Bihar Flood’s : A calamity craving Management

Bihar Flood’s


A state which is considered to be the 13th largest state in India and a historical figure ever since divergent periods, known as a scholastic core and its every millennia witnessing the birth of great intellects, being supported by the most fertile Gangetic plains and blessed with the tributaries of Ganges is filled with agricultural diversities throughout its 38 districts.

The recent demographic studies indicate that Bihar has seen its glorious past and since 1976, the state is facing a plunge in several fronts such as socio economic development, industrial developments, employment and many others to count.  However, the situation might change as the alteration of governance and implementations of several reforms will hopefully provide its districts with a chance to prove its mantel and become a sustainable place to live.

Reports say that up to 58% of its total population is below 25 years and due to lack of opportunities and productive educational centers the youth have been relocating beyond boundaries and sadly many choose to settle there. We have been suffering from natural calamities since a long time now. A report mentioned that in the year 2008 the flood nearly became the cause for casualties for more than 400 people excluding the livestocks and there are many claims from several sources that Bihar has witnessed grievous floods since 1984, consecutively claiming millions lives and migration of many families. So, why is it so consistent? A strange fact is that – “Bihar has faced droughts and in many occasions, monsoon hasn’t been the culprit behind this annual misgiving”. If we start looking up to the facts, all the data advocates a very clear picture about the whole concern. Almost 75% of the total population in the North Bihar is living under the recurring threat of floods every year and 17.8% of the total flood affected area in India is located in Bihar. The tributaries that are behind this sudden surge are mainly, Gandak, Kamla, Koshi, Baghmati and Mahandada. Out of these rivers Koshi and Baghmati course through the borders of eastern Nepal to the northern borders of Bihar and Nepal. Being in the foothills of Himalayan ranges, the rivers witness an annual rainfall which raises an alarming level of water in their river channels and whenever such conditions befall, the Nepalese river dams often have to release the excessive volume of water to avoid any collateral damage. This, most of the time becomes a leading cause of floods in Bihar as our river embankments also have limitations. It was eventually seen that in 2008 floods, the Koshi River had flown through an entirely new course which was taken as a surprise and the death toll was the highest that year. It almost claimed 434 human lives.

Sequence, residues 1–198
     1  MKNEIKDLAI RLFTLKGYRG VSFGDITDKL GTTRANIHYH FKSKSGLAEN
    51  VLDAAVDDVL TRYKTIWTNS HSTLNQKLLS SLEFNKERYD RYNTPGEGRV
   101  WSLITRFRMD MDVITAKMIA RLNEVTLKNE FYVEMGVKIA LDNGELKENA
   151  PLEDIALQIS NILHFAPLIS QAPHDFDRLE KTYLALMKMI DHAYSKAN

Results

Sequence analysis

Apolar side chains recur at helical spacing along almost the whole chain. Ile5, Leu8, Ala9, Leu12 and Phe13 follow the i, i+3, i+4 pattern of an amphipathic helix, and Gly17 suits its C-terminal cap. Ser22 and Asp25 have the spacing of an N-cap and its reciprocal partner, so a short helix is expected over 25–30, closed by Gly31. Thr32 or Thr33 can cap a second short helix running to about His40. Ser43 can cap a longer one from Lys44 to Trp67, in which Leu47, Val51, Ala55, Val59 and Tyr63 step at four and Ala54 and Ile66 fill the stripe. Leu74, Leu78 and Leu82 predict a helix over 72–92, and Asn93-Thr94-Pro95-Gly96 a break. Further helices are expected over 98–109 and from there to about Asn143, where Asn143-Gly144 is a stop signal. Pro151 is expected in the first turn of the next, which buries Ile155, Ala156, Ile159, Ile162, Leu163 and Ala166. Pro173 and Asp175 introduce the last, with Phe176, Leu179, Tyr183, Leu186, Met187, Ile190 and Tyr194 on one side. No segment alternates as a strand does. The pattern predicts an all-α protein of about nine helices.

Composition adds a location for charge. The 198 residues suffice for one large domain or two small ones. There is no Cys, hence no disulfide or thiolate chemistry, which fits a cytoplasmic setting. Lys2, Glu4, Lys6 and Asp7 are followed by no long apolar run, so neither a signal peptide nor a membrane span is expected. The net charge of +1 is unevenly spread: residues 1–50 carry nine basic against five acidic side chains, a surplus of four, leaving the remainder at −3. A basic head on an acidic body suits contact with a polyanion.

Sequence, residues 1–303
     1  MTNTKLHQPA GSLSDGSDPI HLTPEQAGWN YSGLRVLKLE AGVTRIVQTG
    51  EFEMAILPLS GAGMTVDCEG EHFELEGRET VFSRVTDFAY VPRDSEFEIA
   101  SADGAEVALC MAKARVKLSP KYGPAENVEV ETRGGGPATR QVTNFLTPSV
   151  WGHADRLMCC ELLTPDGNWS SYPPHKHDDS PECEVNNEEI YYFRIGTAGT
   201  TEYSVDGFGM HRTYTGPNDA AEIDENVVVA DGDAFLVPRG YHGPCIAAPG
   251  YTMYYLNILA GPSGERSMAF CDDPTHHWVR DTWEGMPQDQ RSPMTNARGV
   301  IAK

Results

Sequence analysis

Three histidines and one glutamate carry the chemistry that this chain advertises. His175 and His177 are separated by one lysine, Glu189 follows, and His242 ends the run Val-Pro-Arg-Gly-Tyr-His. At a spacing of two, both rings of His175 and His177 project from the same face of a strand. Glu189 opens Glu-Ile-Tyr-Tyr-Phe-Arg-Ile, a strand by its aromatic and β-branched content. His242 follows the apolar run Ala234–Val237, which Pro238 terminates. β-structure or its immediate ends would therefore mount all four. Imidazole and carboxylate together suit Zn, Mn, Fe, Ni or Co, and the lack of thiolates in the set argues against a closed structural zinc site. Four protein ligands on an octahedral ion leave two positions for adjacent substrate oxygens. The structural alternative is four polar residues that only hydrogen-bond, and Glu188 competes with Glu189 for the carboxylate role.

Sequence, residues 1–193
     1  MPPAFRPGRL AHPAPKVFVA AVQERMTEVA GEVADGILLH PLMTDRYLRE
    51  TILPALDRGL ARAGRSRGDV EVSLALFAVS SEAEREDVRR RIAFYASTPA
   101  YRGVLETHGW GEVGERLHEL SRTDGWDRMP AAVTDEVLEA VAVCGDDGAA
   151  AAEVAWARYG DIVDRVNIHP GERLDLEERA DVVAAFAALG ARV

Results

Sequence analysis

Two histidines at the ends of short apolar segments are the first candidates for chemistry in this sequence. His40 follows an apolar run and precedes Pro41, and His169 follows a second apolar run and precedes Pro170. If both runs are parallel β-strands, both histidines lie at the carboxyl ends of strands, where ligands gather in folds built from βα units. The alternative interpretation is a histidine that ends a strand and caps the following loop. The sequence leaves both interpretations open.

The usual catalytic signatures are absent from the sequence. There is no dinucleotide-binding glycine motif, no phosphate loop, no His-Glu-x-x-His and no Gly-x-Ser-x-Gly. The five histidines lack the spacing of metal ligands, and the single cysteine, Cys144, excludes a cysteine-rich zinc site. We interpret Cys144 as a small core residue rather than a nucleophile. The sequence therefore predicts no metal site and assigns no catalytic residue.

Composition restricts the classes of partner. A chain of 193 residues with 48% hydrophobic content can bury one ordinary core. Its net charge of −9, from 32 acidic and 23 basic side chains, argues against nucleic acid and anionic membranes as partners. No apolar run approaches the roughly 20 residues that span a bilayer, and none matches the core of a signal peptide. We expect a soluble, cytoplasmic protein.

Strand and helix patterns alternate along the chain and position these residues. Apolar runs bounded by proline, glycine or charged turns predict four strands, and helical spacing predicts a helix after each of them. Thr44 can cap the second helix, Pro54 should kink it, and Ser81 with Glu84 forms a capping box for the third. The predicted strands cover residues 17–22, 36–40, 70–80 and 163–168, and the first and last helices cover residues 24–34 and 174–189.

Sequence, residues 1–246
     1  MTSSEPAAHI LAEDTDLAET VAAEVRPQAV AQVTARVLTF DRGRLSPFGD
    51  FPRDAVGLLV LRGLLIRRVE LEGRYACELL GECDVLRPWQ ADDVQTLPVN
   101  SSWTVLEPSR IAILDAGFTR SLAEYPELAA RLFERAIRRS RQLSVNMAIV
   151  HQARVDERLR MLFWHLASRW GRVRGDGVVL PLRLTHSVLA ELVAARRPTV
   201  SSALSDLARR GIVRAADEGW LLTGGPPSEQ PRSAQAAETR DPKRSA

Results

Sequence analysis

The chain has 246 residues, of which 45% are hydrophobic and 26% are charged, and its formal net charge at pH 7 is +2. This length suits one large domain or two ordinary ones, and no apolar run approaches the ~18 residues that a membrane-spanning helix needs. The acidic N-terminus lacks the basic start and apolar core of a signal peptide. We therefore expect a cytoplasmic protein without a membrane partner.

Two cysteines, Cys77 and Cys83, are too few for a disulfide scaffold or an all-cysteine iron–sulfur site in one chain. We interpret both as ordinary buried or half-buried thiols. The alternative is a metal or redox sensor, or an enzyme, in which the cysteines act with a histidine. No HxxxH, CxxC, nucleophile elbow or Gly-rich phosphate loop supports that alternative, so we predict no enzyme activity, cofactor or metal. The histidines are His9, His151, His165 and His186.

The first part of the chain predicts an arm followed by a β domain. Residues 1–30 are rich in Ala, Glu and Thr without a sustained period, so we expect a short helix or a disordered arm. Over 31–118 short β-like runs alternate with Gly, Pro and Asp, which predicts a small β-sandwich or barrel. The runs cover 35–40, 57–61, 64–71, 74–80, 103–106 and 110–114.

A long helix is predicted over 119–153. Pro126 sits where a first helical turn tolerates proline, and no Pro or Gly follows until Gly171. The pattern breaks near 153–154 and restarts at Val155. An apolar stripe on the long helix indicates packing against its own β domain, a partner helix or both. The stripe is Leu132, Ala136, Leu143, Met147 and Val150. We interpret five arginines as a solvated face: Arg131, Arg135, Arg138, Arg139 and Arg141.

According to a report prepared by a civil society organization in concern for the 2008 floods, it was clearly suggested that in recent decades, there has been construction of over 3000 km of river embankments and the overflowing susceptibility has also increased accordingly almost by 2.5%, and these reports are accessible on various portals in more specific figures as well. A report recently released by the same society titled “Koshi deluge” has specifically mentioned that these embankments have tried to uniform the course of the river but due to major discrepancies between the foot hills and the planes into which the river courses down in the river bed the lower land traps down water and is mostly waterlogged throughout the year which is approximately 16 percent of the total land area of north Bihar where this condition is observed. In the year 1954, a special policy was introduced which was known as the Bihar flood policy, under which the construction of river embankments have increased from 160 kms to approx. 3,465 kms and is directly observed by the water resources department.

If the causes are enumerated behind the recurrence of the floods many data indicated that deforestation observed in the catchment areas of Koshi has increased the content of silt in the river. Out of the inclusive catchment areas of the river Koshi, India shares only 11,400 km sq. and geographically the rest falls in Nepal and Tibet and the average rain fall observed in upper catchment areas are more than that observed in the lower catchments and the reported annual silt load is approx. 92,000 acre feet. In initial times, the natural course of these mountains, river was drawn towards the south-eastern river courses of ganges which were along the Malda and Murshidabad belt but post the construction of the Farrakha barrage, the annual silt concentration in the river belt has accumulated and it also been causing other problems which have led to the increase in the width and length of the rivers and the magnitude and flood frequency has drastically increased.

Many action forces have done commendable jobs in their rescue operations, whenever such crisis has been seen. This year, also due to their hasty action, many lives were saved but we still grieved the loss of 418 people. The CM’s relief fund established in 1971 and many other funds being allotted by the center are mere figures which truthfully cannot bring back the losses observed by the families of the deceased. But where we are actually failing is to have a well-devised plan which can work as a sustainable solution for disaster management not only saving lives but also balancing the nature as well.

On many fronts, the rivers need to clean up so that natural accumulation of silt decreases as well the undue construction over the rivers should be reprocessed according to the laws of nature. No matter how many committee reports are prepared the problem will not end until we “understand” the problem!